WATCH: The top 5 tries of the Rugby World Cup
Heading into the Rugby World Cup final between New Zealand and Australia, 263 tries have been scored by the 20 teams
There were better tries at this tournament than Karne Hesketh’s injury-time clincher for Japan against South Africa, but none as seismic. When the replacement back held off Springboks winger JP Pietersen to cross in the left corner, Brighton Community Stadium erupted and the rugby world shook after the biggest upset in the history of the sport. Japan’s players collapsed to the ground in a mixture of joy and disbelief. Rugby has never seen anything like it.
Wales were trailing by seven points against England with nine minutes left and attempting to cope with an injury crisis in their already depleted back division. A scrumhalf was on the left wing, a right wing was at centre, and a flyhalf was at fullback. Still, the Welsh conjured up a game-changing try of improvised brilliance as Lloyd Williams — that out-of-position scrum-half — was given an overlap by Jamie Roberts, shot down the left wing, and center-kicked to turn the covering English defense. Starting scrumhalf Gareth Davies sprinted and gathered the loose ball at his knees and dived with a defender on his back between the posts. England were stunned, the momentum was with the Welsh, and they were kicked to victory by flyhalf Dan Biggar — with a little help from an interesting lineout call by Chris Robshaw.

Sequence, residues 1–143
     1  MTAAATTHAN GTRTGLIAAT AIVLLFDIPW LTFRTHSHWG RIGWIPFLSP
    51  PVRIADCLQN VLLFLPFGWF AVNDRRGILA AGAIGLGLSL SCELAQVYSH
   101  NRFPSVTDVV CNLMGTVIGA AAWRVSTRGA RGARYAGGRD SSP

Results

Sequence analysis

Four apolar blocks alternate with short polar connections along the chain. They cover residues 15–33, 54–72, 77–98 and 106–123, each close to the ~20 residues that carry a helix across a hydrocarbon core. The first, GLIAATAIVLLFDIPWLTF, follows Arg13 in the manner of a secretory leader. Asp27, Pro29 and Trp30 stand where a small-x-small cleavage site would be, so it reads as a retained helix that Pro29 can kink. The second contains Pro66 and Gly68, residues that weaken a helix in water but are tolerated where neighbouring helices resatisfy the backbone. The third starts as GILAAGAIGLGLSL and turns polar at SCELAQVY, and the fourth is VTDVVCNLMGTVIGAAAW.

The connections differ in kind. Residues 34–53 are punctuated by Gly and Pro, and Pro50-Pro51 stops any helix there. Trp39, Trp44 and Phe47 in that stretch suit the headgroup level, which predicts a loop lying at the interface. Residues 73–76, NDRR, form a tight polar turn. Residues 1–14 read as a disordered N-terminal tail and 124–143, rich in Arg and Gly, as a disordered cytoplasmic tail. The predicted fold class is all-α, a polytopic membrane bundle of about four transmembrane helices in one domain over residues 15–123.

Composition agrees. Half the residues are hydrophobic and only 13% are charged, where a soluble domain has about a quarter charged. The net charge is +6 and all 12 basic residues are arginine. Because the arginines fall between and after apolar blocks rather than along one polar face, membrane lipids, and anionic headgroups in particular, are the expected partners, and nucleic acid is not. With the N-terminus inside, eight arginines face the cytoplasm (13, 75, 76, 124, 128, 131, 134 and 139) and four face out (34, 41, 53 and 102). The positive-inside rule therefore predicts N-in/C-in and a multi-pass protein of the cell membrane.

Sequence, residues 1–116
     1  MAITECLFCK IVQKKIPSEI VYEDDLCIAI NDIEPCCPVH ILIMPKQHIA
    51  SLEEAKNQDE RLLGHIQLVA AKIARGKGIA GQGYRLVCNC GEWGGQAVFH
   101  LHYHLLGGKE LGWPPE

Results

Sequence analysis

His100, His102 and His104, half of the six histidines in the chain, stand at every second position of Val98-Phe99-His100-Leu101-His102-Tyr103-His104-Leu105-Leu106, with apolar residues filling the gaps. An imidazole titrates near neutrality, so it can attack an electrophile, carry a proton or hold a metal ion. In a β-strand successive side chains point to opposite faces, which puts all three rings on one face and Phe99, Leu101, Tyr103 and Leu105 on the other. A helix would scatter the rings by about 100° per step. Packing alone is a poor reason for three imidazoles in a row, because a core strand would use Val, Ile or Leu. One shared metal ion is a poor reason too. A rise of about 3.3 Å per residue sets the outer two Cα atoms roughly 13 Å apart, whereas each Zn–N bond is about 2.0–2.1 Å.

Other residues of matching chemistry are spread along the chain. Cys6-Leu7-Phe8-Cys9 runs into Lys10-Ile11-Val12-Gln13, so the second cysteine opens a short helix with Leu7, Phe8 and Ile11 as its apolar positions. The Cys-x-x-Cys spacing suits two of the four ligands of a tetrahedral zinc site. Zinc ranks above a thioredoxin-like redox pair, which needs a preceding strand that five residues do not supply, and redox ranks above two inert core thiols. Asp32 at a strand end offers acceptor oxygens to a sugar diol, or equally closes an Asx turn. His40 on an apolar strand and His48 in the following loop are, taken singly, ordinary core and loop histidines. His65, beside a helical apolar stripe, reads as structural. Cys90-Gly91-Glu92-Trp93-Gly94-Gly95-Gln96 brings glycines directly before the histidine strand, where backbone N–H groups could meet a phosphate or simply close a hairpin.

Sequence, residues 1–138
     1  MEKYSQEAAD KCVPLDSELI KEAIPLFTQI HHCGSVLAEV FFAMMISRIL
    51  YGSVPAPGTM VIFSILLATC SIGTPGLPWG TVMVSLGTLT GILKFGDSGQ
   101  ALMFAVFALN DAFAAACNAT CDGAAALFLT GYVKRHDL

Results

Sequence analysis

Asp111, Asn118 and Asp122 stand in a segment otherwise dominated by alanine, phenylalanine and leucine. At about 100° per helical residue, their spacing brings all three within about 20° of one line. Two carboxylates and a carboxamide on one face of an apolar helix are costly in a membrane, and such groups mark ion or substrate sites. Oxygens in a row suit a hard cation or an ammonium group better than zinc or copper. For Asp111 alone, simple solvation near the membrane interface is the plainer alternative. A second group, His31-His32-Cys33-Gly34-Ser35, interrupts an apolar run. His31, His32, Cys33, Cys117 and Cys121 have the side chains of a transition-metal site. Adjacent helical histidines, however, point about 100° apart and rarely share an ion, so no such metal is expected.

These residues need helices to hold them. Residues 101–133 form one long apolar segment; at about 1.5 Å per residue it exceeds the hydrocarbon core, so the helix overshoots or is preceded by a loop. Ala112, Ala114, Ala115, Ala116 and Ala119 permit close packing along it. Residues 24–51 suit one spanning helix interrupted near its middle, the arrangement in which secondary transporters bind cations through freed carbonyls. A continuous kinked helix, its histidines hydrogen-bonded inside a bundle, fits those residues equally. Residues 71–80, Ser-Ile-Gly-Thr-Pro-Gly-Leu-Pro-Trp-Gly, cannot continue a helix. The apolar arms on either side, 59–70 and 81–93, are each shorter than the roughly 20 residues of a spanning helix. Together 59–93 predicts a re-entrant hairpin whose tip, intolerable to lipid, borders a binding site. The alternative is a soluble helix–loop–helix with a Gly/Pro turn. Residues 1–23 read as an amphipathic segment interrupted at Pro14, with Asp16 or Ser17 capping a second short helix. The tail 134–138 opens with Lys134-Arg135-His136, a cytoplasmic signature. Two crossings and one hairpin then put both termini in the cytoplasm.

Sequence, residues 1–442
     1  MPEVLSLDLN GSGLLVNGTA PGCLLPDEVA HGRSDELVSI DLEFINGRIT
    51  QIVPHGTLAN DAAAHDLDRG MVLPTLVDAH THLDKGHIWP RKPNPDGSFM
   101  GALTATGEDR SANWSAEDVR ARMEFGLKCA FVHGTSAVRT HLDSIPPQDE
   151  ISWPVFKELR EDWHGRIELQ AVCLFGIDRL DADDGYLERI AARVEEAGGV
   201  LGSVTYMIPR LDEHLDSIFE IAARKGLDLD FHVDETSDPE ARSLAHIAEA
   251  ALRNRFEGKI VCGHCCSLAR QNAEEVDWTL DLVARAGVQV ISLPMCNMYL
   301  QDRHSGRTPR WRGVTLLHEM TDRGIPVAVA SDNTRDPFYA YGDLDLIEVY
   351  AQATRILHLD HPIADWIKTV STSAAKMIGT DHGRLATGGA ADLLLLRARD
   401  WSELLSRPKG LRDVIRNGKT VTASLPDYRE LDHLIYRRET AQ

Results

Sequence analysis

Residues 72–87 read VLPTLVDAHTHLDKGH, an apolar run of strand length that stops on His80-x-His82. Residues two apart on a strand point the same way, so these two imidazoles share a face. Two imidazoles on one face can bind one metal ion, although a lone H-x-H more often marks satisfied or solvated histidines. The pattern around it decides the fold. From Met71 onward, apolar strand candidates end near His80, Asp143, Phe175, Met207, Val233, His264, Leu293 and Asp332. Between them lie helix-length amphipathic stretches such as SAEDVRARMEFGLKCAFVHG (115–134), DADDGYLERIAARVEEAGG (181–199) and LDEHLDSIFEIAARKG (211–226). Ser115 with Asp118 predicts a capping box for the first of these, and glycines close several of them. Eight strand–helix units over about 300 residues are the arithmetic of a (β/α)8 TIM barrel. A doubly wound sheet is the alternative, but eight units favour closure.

Fiji won many fans, but few points, with their courageous displays in the toughest pool of the Rugby World Cup. They may also have scored the most aesthetically pleasing try of the tournament, against Wales in Cardiff. It started 70 metres out, with a handoff by winger Asaeli Tikoirotuma on prop Gethin Jenkins inside Fiji’s 22. Tikoirotuma burst through, and after a couple more one-handed offloads, a rampaging Vereniki Goneva cut inside 10 meters out and forced his way over the line. Even Wales fans were off their seats, applauding.
Not since Jonah Lomu in 1995 has the Rugby World Cup witnessed a try of such stunning ferocity by a winger as Julian Savea’s against France in the quarter-finals. Collecting a pass 20 metres out on the left wing, Savea had one thing on his mind: “I was eager to get to the tryline, no matter what ... no matter the obstacles.”So he barged through opposite winger Noa Nakaitaci, bashed down fullback Scott Spedding, and handed off prop Rabah Slimani to ground in the left corner. It was enough to bring New Zealand coaches Steve Hansen and Ian Foster to their feet in the coaches’ box and there was an audible gasp around Millennium Stadium.
This was the try to complete Adam Ashley-Cooper’s hat trick in Australia’s semifinal win over Argentina, but all the kudos went to his fellow winger. The Pumas were seven points adrift and piling pressure on when Drew Mitchell burst down the left touchline from behind halfway, stepped inside, and crabbed his way across field to beat six defenders. At the last moment, he released a pass — with a hint of forward about it — to the right wing, where Ashley-Cooper picked up the ball on its second bounce and crossed untouched. For Argentina, the game was up.